We opt for the town marina. What seals the deal is that the Oyster Farm Marina is another two to three miles further. It goes through narrow and shallow and winding waters, marked by privately maintained markers. "Oh no! Not for us!" The town harbor it is.

But before we even get to either marina we run into a small dilemma. There is a narrow channel that runs from the bay to the inlet. There is a huge dredging vessel right in the middle of the channel. There are 3 foot diameter pipes heading in all directions. There are connecting, floating platforms scattered about. Here and there are double floating orange balls indicating something. We do not know where to go. Everything seems to block our planned route. We finally pull up short of the channel and motor in over shallow unmarked flats. They are passable and we make our way back onto the marked inlet channel.

We pull into the harbor. Jennifer contacts the harbor master and we receive our slip assignment. It is a full finger pier with a floating dock. Once again we need to back in. This time the prop walk works in our favor. We are getting better at this!

The Town

We made the right choice to go to Cape Charles Town Harbor. We do our usual ritual: electricity, air conditioning, check into the marina, celebratory soda, and a long dog walk. It is incredibly hot and humid, but we just go with it.

It is really hot!

The nice thing here is that there is a seafood restaurant called The Shanty right by the docks. From their window, there is a glorious view of our boat. Jennifer and I put the doggie in air conditioning. We go into the bar and have a couple of summer shandies and a dozen oysters. Our first oysters of the trip.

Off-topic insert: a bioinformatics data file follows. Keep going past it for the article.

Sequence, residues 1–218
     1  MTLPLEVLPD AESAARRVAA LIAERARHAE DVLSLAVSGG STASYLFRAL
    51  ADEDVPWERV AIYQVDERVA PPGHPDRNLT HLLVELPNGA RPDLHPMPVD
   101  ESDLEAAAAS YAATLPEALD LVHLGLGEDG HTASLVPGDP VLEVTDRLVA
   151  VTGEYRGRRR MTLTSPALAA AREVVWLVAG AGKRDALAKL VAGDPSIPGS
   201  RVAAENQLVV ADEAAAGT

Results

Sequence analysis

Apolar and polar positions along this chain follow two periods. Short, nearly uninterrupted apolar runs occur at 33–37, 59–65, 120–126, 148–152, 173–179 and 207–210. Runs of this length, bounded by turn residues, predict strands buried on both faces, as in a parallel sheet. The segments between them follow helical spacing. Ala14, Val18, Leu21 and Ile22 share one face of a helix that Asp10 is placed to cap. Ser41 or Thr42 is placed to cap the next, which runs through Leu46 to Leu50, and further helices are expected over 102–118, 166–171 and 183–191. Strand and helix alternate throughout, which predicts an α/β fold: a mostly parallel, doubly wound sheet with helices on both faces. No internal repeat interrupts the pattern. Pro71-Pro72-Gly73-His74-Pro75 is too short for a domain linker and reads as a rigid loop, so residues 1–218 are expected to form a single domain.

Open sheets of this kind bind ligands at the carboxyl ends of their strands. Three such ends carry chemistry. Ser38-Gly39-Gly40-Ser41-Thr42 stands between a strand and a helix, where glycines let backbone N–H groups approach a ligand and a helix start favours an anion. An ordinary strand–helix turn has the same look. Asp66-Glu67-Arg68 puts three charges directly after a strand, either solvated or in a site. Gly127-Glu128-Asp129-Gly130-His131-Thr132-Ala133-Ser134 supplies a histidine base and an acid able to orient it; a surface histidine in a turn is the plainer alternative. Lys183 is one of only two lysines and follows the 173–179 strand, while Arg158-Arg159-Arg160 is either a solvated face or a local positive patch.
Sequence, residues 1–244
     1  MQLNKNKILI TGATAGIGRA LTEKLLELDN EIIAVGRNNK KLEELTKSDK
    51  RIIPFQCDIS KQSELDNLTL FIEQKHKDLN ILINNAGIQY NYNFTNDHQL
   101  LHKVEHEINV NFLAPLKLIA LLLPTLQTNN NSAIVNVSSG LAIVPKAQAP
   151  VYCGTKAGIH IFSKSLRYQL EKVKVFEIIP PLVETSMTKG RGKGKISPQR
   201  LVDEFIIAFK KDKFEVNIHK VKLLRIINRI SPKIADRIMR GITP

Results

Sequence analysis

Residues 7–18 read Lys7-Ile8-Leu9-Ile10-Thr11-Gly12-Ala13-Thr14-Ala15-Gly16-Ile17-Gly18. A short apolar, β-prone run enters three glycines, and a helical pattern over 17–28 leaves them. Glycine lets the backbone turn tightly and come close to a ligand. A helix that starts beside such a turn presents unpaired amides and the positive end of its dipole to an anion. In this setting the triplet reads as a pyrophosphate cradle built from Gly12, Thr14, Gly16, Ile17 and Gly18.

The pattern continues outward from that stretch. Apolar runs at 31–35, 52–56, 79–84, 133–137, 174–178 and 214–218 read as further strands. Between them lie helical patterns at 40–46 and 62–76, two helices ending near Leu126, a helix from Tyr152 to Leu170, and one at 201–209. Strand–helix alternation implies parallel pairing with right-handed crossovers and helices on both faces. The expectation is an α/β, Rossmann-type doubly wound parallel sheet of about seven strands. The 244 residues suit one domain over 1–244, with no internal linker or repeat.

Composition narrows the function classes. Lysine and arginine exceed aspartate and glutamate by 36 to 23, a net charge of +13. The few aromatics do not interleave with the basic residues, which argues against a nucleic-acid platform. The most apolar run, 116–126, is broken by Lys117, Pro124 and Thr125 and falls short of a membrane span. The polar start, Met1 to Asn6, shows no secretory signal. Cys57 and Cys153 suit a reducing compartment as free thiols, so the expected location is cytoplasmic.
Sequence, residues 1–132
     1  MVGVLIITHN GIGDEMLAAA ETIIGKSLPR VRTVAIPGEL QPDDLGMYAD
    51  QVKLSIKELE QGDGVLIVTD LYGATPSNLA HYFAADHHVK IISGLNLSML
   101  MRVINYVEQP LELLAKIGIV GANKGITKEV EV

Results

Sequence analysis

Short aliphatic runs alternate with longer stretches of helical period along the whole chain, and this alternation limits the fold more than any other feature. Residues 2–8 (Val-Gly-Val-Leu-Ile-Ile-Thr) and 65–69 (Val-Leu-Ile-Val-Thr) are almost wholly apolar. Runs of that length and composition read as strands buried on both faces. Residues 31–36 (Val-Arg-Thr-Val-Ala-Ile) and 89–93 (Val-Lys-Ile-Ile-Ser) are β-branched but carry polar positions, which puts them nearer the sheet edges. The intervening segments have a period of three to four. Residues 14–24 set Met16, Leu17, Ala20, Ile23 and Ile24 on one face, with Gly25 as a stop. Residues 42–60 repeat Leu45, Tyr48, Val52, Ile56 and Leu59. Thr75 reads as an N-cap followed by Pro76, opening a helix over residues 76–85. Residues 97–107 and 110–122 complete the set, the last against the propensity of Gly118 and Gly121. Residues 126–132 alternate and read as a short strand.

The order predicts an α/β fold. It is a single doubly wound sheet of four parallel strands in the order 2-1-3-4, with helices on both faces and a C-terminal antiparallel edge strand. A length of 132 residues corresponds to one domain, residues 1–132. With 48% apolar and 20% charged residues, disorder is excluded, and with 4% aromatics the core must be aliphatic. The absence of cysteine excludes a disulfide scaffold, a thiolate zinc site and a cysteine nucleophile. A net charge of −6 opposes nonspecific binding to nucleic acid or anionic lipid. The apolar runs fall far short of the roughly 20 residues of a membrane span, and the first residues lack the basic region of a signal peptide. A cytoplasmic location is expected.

We take another dog walk during which we stop and have a couple more beers at the local Irish bar, called Kelley's Gingernut Pub. It is in a former bank but since we are with the dog we are seated outside. This is a tourist town so we watch the crowds go by and visit a few shops.

After a much needed rest, we go back to the Irish pub without Abigail and have dinner inside. The layout is interesting. The ceilings are two stories high and there are tables in nooks and crannies all over the place, including in a loft above the former vault.

Jennifer has a delicious she-crab cream of crab soup with a blueberry, strawberry, candied pecan salad topped with chevre. I have a Chesapeake Bay Cobb salad that is huge and delicious. Across the top there are colorful stripes of lump crab, bacon, chevre, sliced hard boiled eggs, and chicken breast pieces. Anyone of those stripes could have been a serving itself. We enjoy the meal and go back to the boat.

Next Day - Tourists

The next day is a layover day. We tour around on our bikes with Abigail. We take her to the beach, which allows dogs before nine O'clock. It is about half a mile up and a half a mile back and she has a fun romp. We then ride over to The Oyster Farm Marina. It is a compound of super large, new single homes, all painted a bright pastel color. There are pink, blue, orange, and even purple houses. The marina is totally new, very nice, and well protected. With even a light westerly wind, our boat was pitching in our marina this morning.

We head back to the main residential area of the town. It has many beautiful brick houses, most with porches. It has a very well kept Central Park that has a lovely fountain.

The town fountain

We take Abigail for an exceptionally long walk around the harbor. We visit the docked working boats and walk around and see Arabella, a 155 cruising sailboat that is getting fitted with a new mast.

A Trip to the Beach

After our long doggie walk, Jennifer and I unload the bikes, gather some towels, sandwiches, and sodas and head to the beach. It is about a half a mile away, so we got there in no time on our bikes.